“While some works will be immediately recognizable to visitors, others offer moments of surprise,” Davis says. “For example, the show includes several iconic works of Pop Art by Andy Warhol, but also two early-career watercolors painted by the artist while a young man in Pittsburg prior to embarking on his career in New York.”

For visitors craving more, Oklahoma Contemporary offers a hands-on Learning Gallery along with a full menu of programs, including a talk with Native artist Neal Ambrose Smith and chef Loretta Barrett Oden, Studio School classes, camps and more. (See the list here.)

Oklahoma Contemporary's installation of this exhibition is supported by The Chickasaw Nation, Richard and Glenna Tanenbaum, George Records, The Kanady Family, Annie Bohanon, Nonesuch, SSM Health St. Anthony Hospital, The E.L. and Thelma Gaylord Foundation, Velocigo, 84 Hospitality, Underground Ghost Kitchen, Vanessa House Beer Company, Factor 110 and Edible OKC.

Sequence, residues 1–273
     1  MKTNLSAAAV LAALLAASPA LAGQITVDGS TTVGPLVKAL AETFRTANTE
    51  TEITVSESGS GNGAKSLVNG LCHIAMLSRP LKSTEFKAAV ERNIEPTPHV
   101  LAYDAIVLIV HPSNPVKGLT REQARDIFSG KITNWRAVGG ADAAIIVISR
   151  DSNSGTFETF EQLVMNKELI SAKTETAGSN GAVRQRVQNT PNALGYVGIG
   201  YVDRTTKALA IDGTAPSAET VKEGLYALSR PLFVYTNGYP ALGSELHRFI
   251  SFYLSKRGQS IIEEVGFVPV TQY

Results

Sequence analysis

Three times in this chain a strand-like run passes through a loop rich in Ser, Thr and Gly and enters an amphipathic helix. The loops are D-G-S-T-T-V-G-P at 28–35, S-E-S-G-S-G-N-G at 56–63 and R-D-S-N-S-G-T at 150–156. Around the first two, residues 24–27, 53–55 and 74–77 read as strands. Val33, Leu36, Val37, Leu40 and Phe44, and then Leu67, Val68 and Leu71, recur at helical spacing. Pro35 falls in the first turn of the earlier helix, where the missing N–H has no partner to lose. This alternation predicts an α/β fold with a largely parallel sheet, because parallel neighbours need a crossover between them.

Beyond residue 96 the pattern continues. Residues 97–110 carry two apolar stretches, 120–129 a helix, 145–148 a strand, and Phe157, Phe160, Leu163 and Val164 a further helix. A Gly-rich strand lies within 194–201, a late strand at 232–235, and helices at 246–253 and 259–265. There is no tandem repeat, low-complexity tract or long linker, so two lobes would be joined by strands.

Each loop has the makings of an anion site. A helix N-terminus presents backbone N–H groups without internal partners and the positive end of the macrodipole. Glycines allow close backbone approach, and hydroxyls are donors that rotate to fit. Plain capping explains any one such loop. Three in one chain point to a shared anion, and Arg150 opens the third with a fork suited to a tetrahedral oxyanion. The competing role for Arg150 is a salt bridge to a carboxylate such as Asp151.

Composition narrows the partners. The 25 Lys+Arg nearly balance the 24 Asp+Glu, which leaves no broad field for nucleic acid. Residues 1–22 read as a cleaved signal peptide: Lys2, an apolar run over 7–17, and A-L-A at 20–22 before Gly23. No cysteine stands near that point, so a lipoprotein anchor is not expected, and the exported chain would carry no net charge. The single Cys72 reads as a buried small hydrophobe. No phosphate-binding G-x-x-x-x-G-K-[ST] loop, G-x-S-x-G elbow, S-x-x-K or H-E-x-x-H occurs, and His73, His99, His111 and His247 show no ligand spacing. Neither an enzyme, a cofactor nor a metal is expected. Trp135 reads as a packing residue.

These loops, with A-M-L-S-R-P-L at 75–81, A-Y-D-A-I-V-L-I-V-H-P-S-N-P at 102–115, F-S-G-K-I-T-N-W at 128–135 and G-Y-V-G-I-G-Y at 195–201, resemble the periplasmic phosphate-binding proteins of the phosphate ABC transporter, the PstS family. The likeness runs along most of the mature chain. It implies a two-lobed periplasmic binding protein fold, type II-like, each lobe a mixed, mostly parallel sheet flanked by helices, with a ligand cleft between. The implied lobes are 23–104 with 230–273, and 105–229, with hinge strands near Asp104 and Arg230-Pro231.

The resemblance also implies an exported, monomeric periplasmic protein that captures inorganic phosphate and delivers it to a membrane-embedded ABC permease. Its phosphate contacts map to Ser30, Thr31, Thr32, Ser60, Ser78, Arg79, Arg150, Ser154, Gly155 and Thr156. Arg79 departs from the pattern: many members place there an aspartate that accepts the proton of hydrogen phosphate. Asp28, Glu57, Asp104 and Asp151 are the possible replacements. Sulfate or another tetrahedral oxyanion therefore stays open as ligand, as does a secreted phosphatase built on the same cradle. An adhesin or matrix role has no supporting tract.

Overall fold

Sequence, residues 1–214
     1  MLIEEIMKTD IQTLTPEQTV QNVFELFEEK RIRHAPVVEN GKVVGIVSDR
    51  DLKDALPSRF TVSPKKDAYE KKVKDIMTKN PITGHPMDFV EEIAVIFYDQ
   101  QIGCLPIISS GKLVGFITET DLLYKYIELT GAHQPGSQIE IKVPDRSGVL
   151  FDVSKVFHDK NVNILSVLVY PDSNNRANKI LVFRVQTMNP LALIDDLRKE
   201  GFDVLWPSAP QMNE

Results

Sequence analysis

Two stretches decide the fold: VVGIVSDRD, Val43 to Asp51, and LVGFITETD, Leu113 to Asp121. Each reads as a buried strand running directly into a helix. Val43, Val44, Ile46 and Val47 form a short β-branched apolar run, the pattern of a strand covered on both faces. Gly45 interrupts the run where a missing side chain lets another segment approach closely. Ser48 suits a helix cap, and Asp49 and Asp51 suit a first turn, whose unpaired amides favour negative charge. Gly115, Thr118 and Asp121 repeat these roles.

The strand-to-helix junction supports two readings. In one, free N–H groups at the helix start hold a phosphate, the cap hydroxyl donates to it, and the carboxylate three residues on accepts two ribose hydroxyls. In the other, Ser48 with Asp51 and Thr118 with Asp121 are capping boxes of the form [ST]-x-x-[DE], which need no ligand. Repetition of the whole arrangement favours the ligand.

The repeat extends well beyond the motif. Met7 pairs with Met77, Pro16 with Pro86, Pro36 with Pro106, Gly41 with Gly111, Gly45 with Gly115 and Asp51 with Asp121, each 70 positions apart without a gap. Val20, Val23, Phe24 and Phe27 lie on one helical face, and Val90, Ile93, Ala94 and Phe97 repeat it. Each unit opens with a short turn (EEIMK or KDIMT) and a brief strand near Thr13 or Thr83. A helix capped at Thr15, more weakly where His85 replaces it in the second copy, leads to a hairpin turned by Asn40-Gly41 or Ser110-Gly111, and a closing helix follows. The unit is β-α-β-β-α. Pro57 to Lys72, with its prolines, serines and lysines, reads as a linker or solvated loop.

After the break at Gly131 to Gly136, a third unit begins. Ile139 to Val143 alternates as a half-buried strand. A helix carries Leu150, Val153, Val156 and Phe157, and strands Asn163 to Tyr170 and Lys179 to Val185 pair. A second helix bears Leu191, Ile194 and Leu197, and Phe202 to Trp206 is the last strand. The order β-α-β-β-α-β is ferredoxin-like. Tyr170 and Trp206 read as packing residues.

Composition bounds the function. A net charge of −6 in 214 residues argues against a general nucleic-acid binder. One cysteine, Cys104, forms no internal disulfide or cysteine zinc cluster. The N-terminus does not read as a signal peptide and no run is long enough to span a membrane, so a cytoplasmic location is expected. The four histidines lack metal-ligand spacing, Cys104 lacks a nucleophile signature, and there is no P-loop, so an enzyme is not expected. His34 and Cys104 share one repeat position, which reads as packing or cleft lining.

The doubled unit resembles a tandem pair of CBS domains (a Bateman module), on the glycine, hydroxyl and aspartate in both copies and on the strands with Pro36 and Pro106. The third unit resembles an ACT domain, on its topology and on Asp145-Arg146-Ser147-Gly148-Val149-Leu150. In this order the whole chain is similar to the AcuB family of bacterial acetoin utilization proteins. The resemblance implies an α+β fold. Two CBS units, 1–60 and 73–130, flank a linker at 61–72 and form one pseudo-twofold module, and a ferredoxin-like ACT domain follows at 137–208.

The Art of Food runs in the Eleanor Kirkpatrick Main Gallery through May 22. Admission to the arts center is always free.

* Find a full artist list on the web or in the media kit.

A media kit featuring this press release, artist list, related programs and high-resolution images can be found at bit.ly/OC_TheArtofFood. Interviews with Oklahoma Contemporary staff, the show’s curator or the Jordan Schnitzer Family Foundation can be organized through Lori Brooks (lbrooks@okcontemp.org). Past press releases and information are archived at oklahomacontemporary.org/media.

About Oklahoma Contemporary
At the new, state-of-the-art Oklahoma Contemporary, visitors explore art and creativity through exhibitions, performances and a wide variety of educational programs. At its core, the multidisciplinary contemporary arts organization is an inclusive space. Exhibitions and most programs are free. You are always welcome here.